BY TAZ LOOMANS
Architecture must evolve or die. Historically, it's been an old man's profession and slow to change, resulting in what's known as the missing 32 percent, representing the number of women that are missing from the ranks of leadership in the profession. The number of women who are AIA members, licensed architects and senior leadership varies between 15 and 18 percent of the total.
A historic conference was held here in Portland last Saturday to address this persistent disparity: The Forum for Women in Architecture and Related Design (ForWARD) hosted the one-day Equity by Design event featuring co-founder Saskia Dennis van Dijl and a number of local architects and academicians to address the question of why women are leaving the profession at such alarming rates and what we can do about it.
Equity by Design, a subcommittee of the American Institute of Architects, recently commissioned an important survey exploring the reason why there are so few women leaders in the profession. Some key findings of this survey are:
- Only 28 percent of women are satisfied with their jobs, as opposed to 41 percent of men.
- Women made an average of $15,000 less than men with the same level of experience.
- Fewer women than men even aspire to be principals or owners of their own firms.
- There are as many women as men up to the 10-15 year mark, but after that point, there are significantly fewer women left in the profession. The gap is the starkest at the principal level.
- Fewer women get licensed than men, but of the women who make it past the 15-year mark, more of them are licensed than men. This means that the women who are left tend to be licensed.
- Women tend to start their own firms to get more flexibility whereas men tend to start their own firms to get design autonomy.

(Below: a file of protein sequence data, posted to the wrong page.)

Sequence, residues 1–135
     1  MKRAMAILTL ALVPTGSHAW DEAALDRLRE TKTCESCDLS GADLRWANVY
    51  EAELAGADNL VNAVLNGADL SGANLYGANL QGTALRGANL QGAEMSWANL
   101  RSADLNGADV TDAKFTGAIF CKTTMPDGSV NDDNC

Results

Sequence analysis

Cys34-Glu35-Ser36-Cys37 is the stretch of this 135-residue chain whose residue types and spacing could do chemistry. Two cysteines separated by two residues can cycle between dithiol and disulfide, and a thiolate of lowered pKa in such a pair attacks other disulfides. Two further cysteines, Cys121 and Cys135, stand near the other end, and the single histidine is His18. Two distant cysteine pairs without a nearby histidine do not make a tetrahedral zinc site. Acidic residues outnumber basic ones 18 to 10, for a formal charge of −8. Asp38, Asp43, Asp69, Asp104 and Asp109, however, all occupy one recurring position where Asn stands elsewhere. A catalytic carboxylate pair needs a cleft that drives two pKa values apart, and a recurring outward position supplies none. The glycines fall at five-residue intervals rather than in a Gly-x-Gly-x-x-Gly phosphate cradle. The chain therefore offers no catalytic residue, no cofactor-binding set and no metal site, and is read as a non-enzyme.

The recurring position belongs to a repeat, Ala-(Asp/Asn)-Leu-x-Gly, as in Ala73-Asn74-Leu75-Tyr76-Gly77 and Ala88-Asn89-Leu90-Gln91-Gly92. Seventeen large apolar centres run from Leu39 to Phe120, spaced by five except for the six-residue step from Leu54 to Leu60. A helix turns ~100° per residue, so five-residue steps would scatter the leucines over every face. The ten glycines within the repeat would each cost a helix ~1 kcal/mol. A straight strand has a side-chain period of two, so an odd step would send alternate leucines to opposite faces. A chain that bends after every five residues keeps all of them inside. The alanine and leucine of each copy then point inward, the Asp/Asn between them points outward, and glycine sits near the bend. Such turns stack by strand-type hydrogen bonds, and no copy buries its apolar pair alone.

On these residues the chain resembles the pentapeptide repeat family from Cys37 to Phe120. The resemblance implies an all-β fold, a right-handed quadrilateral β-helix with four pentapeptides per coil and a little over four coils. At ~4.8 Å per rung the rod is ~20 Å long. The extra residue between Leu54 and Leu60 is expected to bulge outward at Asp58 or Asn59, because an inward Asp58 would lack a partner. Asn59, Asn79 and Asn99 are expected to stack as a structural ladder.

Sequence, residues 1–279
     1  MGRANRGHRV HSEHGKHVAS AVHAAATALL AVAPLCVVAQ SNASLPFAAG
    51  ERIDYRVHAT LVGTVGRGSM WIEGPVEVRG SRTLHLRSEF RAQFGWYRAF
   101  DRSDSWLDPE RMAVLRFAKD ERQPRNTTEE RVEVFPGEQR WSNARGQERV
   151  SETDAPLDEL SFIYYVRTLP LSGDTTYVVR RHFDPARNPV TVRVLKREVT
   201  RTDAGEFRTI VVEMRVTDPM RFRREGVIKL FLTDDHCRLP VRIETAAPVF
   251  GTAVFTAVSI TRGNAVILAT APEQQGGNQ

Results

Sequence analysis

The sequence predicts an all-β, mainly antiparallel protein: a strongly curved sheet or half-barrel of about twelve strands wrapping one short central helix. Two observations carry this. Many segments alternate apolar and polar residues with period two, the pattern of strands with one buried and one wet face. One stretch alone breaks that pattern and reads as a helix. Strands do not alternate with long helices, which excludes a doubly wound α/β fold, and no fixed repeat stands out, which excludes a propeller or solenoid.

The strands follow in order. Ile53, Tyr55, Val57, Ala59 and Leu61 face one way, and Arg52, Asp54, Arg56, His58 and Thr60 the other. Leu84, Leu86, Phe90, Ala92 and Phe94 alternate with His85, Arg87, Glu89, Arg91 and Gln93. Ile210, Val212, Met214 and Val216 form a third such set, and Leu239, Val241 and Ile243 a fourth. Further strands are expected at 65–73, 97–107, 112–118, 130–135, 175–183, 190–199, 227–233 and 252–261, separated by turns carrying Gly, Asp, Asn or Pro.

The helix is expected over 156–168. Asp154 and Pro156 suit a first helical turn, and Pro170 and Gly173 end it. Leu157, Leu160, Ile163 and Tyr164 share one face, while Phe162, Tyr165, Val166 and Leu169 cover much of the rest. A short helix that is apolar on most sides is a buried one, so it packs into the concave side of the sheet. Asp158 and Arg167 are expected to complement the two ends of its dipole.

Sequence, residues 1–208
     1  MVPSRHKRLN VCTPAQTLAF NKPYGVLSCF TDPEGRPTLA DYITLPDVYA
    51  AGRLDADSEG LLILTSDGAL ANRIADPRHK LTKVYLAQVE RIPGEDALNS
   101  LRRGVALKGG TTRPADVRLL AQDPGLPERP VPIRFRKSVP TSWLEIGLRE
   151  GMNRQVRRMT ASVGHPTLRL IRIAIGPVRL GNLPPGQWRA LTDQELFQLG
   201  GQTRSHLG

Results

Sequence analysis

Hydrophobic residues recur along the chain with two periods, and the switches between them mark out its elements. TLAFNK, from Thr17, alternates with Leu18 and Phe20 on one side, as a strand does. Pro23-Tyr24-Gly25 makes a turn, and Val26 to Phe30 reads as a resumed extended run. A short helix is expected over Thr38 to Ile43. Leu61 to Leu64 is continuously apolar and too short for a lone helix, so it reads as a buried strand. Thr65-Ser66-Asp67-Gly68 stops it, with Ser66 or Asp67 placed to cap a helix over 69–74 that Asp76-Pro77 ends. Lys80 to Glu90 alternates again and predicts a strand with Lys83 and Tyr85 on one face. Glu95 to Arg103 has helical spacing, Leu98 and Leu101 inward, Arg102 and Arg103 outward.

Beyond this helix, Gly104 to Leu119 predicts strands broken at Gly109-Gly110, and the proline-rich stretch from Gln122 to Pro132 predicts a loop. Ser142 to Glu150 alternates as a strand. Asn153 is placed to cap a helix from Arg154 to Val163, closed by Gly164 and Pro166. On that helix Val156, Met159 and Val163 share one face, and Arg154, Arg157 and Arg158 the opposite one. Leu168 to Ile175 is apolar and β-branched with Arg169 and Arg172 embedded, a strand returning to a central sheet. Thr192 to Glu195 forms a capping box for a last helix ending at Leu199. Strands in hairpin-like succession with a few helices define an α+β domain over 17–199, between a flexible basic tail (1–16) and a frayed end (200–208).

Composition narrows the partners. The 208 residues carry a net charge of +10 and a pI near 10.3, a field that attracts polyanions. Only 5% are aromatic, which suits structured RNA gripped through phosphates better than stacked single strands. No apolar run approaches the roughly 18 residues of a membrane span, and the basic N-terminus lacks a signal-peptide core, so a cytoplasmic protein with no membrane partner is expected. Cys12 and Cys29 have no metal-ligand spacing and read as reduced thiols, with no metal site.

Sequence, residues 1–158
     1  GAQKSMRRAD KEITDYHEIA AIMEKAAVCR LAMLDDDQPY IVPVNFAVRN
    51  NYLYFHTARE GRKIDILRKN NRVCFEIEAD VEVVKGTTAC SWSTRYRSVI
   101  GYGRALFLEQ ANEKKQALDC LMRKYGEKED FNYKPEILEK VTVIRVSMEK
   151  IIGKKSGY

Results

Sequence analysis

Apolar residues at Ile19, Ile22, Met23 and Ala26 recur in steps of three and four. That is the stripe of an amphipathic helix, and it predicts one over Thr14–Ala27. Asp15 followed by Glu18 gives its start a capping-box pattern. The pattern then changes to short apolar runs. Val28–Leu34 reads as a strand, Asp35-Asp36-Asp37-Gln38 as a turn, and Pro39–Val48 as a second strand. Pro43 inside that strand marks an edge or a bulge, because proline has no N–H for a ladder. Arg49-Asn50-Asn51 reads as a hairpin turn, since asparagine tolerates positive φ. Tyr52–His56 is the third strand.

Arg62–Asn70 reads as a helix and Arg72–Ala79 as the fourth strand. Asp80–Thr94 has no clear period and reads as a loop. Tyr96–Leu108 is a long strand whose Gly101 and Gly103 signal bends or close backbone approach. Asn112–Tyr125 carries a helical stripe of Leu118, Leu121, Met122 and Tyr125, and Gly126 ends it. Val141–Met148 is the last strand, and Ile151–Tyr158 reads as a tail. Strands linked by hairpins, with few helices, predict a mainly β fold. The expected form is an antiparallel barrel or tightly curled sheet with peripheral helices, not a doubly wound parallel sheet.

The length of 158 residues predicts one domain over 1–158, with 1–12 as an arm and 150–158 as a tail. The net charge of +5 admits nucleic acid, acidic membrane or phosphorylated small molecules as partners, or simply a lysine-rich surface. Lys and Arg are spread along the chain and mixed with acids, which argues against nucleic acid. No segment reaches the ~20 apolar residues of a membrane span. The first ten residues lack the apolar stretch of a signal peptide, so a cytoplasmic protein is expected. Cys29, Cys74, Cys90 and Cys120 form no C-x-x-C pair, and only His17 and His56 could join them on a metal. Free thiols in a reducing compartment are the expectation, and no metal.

It's one thing to look at an issue through the lens of statistics, but how does the equity gap show up in the everyday life of architects? The conference on Saturday did a great job of showcasing real-life stories along with the big-picture data. I had the honor of speaking on the day’s first panel, which was about career pinch points. It was moderated by Celeste Lewis and comprised of women at different parts of their careers, including Katie Seifert, a young intern architect at TVA Architects; Lorraine Guthrie at Lorrain Guthrie Architect; Stefee Knudsen, a senior project manager at Hacker; and myself, a project architect at Communitecture.
The five pinch points in the career of an architect, according to the Equity by Design 2014 survey are: hiring, paying dues, licensure, caregiving, and the glass ceiling.
This first panel showed how different women have dealt with the various pinch points and created careers that work for them. Guthrie became frustrated with brand-name design firms and decided to open her own practice, which allows her to do work that's meaningful to her and in a way that works with her life as a partner and mother. Knudsen talked about what it's like to meet the heavy demands of being in charge of large projects at a large firm and finding enough time to be the best wife, mother, friend and community member she can be. And Seifert, representing the millennial generation, presented a message of hope and excitement for a future in architecture without barriers for women.
This panel was followed by a discussion about the equity issue in academia, with a penel that included Clive Knights, director of the PSU School of Architecture; Judith Sheine, head of the Department of Architecture at the University of Oregon; Nicollete Stouffer, graduate student at the University of Oregon; and Julia Mollner, a recent graduate from Portland State University who is working as an intern architect at a local firm.